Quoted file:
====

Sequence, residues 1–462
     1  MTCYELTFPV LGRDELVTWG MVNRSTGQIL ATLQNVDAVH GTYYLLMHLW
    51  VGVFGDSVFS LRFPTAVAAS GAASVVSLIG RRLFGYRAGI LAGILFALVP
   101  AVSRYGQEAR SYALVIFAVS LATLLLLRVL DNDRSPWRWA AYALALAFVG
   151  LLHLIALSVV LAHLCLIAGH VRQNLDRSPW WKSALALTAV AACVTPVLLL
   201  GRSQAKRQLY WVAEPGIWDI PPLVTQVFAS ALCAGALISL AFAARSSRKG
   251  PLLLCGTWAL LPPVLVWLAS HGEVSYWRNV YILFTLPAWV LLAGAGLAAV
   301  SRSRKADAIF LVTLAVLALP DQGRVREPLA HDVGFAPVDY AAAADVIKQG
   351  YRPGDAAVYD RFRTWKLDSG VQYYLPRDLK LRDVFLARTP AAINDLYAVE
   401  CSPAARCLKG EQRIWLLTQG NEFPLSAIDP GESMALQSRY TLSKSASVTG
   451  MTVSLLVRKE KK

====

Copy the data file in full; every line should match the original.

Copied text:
Sequence, residues 1–462
     1  MTCYELTFPV LGRDELVTWG MVNRSTGQIL ATLQNVDAVH GTYYLLMHLW
    51  VGVFGDSVFS LRFPTAVAAS GAASVVSLIG RRLFGYRAGI LAGILFALVP
   101  AVSRYGQEAR SYALVIFAVS LATLLLLRVL DNDRSPWRWA AYALALAFVG
   151  LLHLIALSVV LAHLCLIAGH VRQNLDRSPW WKSALALTAV AACVTPVLLL
   201  GRSQAKRQLY WVAEPGIWDI PPLVTQVFAS ALCAGALISL AFAARSSRKG
   251  PLLLCGTWAL LPPVLVWLAS HGEVSYWRNV YILFTLPAWV LLAGAGLAAV
   301  SRSRKADAIF LVTLAVLALP DQGRVREPLA HDVGFAPVDY AAAADVIKQG
   351  YRPGDAAVYD RFRTWKLDSG VQYYLPRDLK LRDVFLARTP AAINDLYAVE
   401  CSPAARCLKG EQRIWLLTQG NEFPLSAIDP GESMALQSRY TLSKSASVTG
   451  MTVSLLVRKE KK